|An annotated bibliography is a list of citations to books, articles, and documents.
Each citation is followed by a brief (usually about 150 words) descriptive and evaluative paragraph, the annotation.
The purpose of the annotation is to inform the reader of the relevance, accuracy, and quality of the sources cited.
Annotations are descriptive and critical; they expose the author's
Abstracts are the purely descriptive summaries often found at the beginning of scholarly journal articles or in periodical indexes.
1. Search, locate and save citations of books, articles or other sources that may contain useful information and ideas on your topic; use the Begin Your Discovery webpage.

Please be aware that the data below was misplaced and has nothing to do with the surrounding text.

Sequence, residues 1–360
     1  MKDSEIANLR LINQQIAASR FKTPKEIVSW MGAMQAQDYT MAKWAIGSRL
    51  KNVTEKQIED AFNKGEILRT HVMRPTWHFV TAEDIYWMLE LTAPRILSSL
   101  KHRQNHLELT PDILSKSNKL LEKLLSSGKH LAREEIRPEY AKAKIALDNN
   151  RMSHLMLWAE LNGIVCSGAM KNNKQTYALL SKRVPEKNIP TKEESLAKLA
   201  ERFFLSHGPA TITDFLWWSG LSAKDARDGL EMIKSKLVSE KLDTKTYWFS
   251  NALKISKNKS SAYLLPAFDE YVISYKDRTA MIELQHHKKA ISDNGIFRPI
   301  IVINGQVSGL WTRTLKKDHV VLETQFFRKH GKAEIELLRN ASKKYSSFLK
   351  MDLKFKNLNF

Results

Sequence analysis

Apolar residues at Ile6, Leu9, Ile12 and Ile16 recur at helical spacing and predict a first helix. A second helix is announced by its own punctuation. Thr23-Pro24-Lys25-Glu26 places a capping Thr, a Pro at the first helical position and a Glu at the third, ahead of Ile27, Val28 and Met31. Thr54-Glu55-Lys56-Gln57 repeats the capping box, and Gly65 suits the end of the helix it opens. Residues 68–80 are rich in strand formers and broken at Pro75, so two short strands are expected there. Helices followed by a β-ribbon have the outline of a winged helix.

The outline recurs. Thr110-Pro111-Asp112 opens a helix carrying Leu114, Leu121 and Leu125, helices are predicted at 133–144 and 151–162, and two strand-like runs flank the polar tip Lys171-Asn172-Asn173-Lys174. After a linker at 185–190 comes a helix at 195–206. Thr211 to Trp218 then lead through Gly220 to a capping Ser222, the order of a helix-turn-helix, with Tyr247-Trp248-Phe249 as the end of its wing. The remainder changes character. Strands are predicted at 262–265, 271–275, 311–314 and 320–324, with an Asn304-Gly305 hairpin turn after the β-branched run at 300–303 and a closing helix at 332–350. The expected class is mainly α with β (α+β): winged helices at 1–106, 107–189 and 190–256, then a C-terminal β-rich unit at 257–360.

2. Read and review the sources. Select sources that provide a variety of perspectives on your topic.
3. Construct citations for each source using the required style guide for your course.
4. Write a concise annotation that summarizes the central theme and scope of the books and articles you've selected.
Include one or more sentences that:
evaluate the authority or background of the author,
comment on the intended audience,
compare or contrast sources with others you have cited, or
explain how these sources contribute to your project.
Download this word doc. For more information about types of annotations
This website may help you develop your analysis;
Critically Analyzing Information Sources.